Jo Tague is a historian of Sub-Saharan Africa with particular interests in refugee settlement, international humanitarianism, rural development, and African independence movements. She teaches survey courses on Pre-Colonial Africa and Africa After 1800, as well as upper-level courses on Gender and Africa, Comparative African Liberation Movements, Southern Africa, and 19th and 20th Century Eastern and Central Africa.
Dr. Tague’s research explores the relationship between refugee settlement and rural development in decolonizing Africa. She is currently revising her dissertation, titled “A War to Build the Nation: Mozambican Refugees, Rural Development, and State Sovereignty in Tanzania, 1964-1975,” for publication.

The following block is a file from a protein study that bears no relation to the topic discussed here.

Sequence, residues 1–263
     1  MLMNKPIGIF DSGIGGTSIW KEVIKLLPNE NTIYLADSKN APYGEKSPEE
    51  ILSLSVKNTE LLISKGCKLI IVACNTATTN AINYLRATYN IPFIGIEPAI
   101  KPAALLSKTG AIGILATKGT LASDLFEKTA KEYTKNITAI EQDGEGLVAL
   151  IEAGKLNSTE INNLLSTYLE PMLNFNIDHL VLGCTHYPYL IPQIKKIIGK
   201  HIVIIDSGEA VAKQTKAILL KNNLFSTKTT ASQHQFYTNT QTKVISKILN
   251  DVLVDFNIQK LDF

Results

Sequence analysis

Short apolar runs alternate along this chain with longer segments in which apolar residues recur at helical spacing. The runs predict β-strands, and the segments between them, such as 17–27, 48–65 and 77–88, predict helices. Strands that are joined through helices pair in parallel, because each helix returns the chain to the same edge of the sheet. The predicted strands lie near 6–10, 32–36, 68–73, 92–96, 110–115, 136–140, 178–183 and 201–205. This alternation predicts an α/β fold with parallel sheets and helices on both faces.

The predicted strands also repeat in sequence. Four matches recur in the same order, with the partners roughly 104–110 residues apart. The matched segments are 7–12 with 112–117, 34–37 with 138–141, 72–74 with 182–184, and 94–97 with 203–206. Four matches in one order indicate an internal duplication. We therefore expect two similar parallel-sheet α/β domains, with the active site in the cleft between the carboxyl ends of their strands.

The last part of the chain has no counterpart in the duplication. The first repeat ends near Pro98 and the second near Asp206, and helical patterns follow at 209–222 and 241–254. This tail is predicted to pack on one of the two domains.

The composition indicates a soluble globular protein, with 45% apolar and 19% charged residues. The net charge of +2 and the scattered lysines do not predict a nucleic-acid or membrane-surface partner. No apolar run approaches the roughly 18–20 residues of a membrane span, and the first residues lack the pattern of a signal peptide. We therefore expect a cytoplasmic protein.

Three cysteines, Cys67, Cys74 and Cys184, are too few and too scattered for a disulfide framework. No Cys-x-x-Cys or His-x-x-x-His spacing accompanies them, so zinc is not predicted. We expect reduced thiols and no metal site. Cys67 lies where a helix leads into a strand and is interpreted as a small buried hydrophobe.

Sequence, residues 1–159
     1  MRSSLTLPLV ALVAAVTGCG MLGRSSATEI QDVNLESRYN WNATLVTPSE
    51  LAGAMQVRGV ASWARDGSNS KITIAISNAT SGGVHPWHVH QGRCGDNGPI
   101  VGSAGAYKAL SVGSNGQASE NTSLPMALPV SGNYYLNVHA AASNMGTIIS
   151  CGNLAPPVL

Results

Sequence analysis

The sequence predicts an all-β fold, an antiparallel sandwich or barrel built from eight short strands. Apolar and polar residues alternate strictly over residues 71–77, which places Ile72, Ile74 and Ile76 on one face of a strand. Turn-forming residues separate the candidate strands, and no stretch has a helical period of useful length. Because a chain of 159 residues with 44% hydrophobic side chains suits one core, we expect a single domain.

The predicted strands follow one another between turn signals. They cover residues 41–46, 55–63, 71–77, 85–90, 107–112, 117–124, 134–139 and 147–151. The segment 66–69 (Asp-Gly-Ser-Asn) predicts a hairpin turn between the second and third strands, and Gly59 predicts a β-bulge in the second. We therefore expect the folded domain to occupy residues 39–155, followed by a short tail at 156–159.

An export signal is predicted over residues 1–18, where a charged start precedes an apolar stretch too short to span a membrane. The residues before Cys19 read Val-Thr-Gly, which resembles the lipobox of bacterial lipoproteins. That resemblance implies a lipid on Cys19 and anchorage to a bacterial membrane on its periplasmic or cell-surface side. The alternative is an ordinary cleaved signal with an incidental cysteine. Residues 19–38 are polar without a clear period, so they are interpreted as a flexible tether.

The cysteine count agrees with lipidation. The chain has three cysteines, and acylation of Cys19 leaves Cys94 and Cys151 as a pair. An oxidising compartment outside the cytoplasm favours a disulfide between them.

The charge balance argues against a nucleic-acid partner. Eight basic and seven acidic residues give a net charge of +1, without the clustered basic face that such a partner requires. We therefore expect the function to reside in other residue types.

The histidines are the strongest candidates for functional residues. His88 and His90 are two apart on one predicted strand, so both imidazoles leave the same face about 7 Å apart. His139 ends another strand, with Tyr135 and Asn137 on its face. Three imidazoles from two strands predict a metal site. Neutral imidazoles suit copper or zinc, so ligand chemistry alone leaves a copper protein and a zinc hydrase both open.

Dr. Tague received her B.A. from George Washington University (1998), her M.A. from Ohio University (2003), and her M.A. and Ph.D. from the University of California, Davis (2012). Prior to joining the faculty at Denison in the fall of 2012, she taught courses at California State University, Sacramento, as well as at California State University, Chico.
Learning & Teaching
African Asylum at a Crossroads: Activism, Expert Testimony, and Refugee Rights. Ohio University Press, 2016.